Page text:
What’s one thing that your 10-year-old self thought you would do?
Can you still do it? How would you approach it to make it happen?
10 years old was a pivotal time in my life. Maybe it was all the developmental changes. I just remember that all of a sudden my world opened up. I was discovering new things, meeting new people, and testing the limits of my own abilities. Two critical events occurred that year. In my mind, they tend to fuse together because both met the same critical need by fostering positive self-worth.
It was like Mary Poppins moved to town.
My 4th grade teacher was a young, single woman with lots of energy and creative ideas for motivating and teaching kids. She was one of my first role models. Although I liked other teachers, they were older. I viewed them as parental figures. Miss O’Dea had childlike energy. I could see the possibility of being like her. I wanted to be like her. It helped that we shared a first name.
I learned so much more than reading and math. Frankly, I don’t remember a single lesson But I do remember how she treated each of us with respect and never talked down to any of us. She was cool. Perhaps the coolest thing she did was to set up a reward system that included things like lunch out with the teacher and visits to her family’s farm for horse rides. By today’s standards, those behaviors would get her fired. But in 1980, it was common practice, especially in small farming communities like the one I lived in. Trust me, this was awesome!
If you find this, please know that all of your hard work paid off.
I also befriended a girl from church.
I’m not sure how our friendship got started or why we didn’t become close before that year. She was a year older than me, yet in many ways we were kindred spirits…and she had horses, too. Tracy was fearless, exuding an unusual amount of self-confidence for an 11 year old. Best of all, she was small like me. She was the one friend with whom I could share clothes. For nearly four years, I spent most Sunday afternoons and several weeks in the summer running around her family’s farm.
She challenged me to a “snipe hunt”, talked me into trying fried okra, demonstrated the fine art of harvesting cherries and apples on horseback. She didn’t just teach me to ride horse. She taught me horsemanship. We mucked stalls, cleaned hooves, and much to my mother’s dismay, got very dirty. She even taught me that breaking rules wasn’t the end of the world. I got more than a few scoldings from my mom about the high heels and make-up upon returning from Tracy’s house. Considering all the trouble I could have gotten into, that was mild. To this day we can still laugh about the fun we had (including a rather humiliating story about how I landed in the freezing cold pond one chilly October day).
That was the thing about Tracy. Somehow she could put a spin on my worst moments so that even I didn’t feel badly about them anymore. She didn’t bully or poke fun. We were friends then, and we still are today. It never occurred to either one of us to be mean-spirited, even when we were crushing on the same guy. Our solution was to gang up on him. We each grabbed an arm and pulled him on to the ice rink.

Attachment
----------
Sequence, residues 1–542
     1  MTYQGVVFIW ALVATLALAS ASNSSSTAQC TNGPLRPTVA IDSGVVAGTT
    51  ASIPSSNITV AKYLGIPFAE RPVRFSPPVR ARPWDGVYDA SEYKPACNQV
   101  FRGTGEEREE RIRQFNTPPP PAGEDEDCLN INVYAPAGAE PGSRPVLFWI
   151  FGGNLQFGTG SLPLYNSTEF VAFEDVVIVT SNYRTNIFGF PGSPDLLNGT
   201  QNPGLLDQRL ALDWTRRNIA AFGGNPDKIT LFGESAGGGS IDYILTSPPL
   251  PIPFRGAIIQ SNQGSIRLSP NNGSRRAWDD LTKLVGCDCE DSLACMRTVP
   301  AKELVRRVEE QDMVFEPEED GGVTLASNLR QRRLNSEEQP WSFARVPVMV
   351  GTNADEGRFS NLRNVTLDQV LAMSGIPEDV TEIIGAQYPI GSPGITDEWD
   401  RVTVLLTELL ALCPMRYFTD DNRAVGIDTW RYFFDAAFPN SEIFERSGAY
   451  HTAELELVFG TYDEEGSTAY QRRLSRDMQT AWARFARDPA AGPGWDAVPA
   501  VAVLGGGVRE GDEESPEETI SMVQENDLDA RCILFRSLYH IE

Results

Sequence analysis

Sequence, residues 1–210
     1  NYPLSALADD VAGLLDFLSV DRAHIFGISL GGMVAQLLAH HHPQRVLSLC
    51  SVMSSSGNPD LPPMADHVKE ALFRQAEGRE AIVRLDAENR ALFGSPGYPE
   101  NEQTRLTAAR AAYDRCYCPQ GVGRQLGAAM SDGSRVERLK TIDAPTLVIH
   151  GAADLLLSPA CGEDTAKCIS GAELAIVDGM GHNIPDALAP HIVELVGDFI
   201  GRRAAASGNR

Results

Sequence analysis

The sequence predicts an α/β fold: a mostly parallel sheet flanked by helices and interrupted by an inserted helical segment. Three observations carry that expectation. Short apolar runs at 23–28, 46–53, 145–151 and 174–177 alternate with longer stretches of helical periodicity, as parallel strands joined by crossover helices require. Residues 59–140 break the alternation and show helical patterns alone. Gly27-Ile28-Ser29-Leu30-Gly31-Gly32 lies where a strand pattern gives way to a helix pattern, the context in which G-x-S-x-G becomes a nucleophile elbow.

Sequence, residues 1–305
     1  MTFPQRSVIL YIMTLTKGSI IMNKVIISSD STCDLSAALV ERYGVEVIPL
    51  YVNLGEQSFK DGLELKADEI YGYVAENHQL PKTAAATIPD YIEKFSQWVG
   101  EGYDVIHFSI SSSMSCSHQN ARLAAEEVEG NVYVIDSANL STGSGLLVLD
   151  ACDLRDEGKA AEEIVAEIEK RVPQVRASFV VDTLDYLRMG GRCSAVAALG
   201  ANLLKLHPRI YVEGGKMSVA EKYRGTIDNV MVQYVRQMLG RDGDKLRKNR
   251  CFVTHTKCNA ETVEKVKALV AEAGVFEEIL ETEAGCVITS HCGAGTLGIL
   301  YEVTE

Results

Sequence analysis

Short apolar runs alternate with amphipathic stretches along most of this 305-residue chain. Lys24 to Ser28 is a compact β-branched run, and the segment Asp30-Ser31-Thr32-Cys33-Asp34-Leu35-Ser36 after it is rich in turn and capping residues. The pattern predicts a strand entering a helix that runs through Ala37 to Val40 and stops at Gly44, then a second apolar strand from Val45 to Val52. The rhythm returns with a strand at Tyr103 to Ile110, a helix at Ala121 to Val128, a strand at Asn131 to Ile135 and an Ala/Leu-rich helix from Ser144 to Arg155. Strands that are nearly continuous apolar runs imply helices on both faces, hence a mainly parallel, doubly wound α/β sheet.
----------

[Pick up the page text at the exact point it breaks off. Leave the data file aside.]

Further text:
If you are reading this, Nathaniel, I am so… sorry we put you through that!
I loved horses and fantasized about having one of my own.
To say that it was an obsession is putting it mildly. While horses were the topic that initially pulled us together, it was each ones’ self-confidence plus their unconditional love and respect for me that made the experiences so memorable. They didn’t just provide good examples. In her own way, each one gave me a “road map” to discover my own self-worth. It didn’t happen overnight. I had to learn the difference between confidence and arrogance (see the above cold water story). Both gave me a safe emotional space to grow, make mistakes, and find my own way.
Passing it on
Before I was disabled, I worked with some families who had young girls about that same age. I only hope that my efforts were just as rewarding for those girls. They are all teenagers now, yet I still think of them often and fondly. Blowing bubbles in the yard, learning the finer points of American Girls, getting my backside handed to me playing Mario Brothers video games, and listening to all their hopes and dreams did as much for me as it did for them. That’s the beauty of therapy — you really do get as much as you give.
I won’t be shooting hoops anymore.
My health is too unpredictable to ever try keeping an appointments back-to-back day-after-day, without fail. The families I worked with deserve that kind of consistency and I simply can’t provide it anymore. Fortunately. the agency I worked for is still up an running so families in need will continue to get high quality services.
Yes, this is a shameless plug for all my friends at ASAP Expert Counseling.
Yet I still have value.
If there’s one thing that I learned all those years ago, it’s that I matter just because I am. It’s my turn to be the guide, to share the gift of self-worth. It still surprises me how many women lack enough confidence to take charge of their own health care. This isn’t right. As a society, we shouldn’t have half the population so insecure. Once they come into their own, women are a powerful force to be reckoned with. It’s a tragedy that so few even recognized their worth, let alone their power.
It’s time for a new chapter.